A study published in Food and Function shows that muscadine grape seed help mitigate the formation of new fat cells because it produces tocotrienol, an unsaturated form of vitamin E.
Muscadine grapes—with thick skin and large seeds—grow in the South and are used to make wine and juice. Each year, thousands of tons of the solid byproduct pomace emerge after wine and grape juice production. Traditionally, most of the pomace goes to landfills as waste. But some wineries use the muscadine grape seeds for oil.
For this study, the researchers took muscadine grapes grown near Tallahassee, Florida, and, working in a lab, extracted oil from the fruit's seeds. They found the content of unsaturated fatty acids reached 85%–90% of the total fatty acids.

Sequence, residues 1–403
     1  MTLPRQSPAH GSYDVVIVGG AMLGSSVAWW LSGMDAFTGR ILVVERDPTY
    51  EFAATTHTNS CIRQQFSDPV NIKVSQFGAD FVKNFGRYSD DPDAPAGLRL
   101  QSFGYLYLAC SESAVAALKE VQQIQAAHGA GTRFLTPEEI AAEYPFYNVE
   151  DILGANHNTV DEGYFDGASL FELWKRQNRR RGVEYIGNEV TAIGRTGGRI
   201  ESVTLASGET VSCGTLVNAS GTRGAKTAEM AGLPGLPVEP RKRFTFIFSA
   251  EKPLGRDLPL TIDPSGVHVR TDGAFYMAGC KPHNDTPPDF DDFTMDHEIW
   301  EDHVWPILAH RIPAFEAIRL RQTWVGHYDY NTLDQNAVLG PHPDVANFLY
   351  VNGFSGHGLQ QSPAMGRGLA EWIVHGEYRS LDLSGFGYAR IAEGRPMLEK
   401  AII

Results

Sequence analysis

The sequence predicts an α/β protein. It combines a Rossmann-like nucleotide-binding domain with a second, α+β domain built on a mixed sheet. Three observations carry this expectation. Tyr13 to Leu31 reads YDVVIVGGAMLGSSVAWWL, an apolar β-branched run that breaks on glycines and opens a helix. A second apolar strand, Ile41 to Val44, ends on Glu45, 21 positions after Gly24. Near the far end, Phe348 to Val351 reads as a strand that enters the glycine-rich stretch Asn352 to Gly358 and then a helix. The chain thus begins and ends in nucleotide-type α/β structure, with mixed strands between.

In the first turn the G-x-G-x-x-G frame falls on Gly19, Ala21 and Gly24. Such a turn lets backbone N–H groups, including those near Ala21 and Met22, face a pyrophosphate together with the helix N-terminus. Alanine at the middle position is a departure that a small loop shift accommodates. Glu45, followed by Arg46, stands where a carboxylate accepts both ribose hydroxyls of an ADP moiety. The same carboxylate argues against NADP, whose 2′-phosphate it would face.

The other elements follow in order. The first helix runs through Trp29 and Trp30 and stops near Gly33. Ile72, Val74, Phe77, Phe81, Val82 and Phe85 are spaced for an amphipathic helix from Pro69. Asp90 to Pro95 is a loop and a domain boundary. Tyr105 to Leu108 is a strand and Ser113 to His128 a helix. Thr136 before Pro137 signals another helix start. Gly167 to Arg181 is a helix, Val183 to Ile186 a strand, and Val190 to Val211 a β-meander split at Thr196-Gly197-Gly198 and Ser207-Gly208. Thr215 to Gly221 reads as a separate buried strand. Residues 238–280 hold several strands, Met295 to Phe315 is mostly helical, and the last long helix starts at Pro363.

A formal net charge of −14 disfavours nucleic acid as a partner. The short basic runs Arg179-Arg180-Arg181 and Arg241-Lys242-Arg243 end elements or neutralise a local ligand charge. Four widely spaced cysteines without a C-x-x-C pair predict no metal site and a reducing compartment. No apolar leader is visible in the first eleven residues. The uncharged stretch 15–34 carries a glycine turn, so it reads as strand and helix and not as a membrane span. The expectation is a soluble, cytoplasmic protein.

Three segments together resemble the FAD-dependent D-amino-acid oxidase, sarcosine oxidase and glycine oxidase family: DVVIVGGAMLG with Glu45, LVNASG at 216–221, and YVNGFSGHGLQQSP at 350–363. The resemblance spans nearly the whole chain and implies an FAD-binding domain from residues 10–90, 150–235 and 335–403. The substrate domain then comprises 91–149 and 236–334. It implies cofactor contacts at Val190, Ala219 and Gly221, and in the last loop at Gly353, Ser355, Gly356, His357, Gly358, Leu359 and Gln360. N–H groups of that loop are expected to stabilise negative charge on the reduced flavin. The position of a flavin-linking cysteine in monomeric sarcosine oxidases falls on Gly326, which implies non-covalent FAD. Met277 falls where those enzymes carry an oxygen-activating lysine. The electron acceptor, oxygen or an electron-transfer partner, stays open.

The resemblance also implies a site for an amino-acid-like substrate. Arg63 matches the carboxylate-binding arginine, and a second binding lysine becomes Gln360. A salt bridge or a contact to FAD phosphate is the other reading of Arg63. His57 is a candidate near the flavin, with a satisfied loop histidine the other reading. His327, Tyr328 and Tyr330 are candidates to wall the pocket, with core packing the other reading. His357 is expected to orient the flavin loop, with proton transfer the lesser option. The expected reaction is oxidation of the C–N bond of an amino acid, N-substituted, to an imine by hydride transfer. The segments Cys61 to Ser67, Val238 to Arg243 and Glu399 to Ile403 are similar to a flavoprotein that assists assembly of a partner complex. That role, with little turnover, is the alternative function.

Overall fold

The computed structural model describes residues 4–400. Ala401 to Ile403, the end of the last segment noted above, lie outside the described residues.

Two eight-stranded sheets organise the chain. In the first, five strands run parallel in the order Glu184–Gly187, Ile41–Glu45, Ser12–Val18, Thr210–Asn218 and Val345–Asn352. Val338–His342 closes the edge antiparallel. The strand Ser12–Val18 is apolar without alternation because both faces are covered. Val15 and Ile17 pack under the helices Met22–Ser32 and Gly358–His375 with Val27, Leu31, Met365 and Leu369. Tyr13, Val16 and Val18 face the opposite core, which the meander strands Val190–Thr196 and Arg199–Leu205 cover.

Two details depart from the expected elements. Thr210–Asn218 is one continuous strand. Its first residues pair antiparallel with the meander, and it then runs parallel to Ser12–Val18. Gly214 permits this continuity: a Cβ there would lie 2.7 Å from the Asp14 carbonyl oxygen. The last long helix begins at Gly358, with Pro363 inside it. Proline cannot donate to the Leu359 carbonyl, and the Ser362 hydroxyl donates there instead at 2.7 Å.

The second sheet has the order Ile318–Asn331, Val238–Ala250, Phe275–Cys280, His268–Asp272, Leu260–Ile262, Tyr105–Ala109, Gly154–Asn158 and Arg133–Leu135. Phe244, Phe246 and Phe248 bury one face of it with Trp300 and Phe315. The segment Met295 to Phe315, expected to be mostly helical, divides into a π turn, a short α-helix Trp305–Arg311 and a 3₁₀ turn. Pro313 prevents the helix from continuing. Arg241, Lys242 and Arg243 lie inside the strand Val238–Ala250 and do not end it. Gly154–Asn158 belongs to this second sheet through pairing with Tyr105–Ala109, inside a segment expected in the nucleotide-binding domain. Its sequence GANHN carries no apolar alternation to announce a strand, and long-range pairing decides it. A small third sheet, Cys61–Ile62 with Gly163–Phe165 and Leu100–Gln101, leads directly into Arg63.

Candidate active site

The researchers concluded that muscadine grape seed oil would be a valuable addition to the market of edible oils because it is a unique source of tocotrienol in addition to being a good source of mono- and polyunsaturated fatty acids. In addition, scientists anticipate that muscadine grape seed oils fortified with additional tocotrienol from underutilized muscadine varieties could be developed to help stem obesity.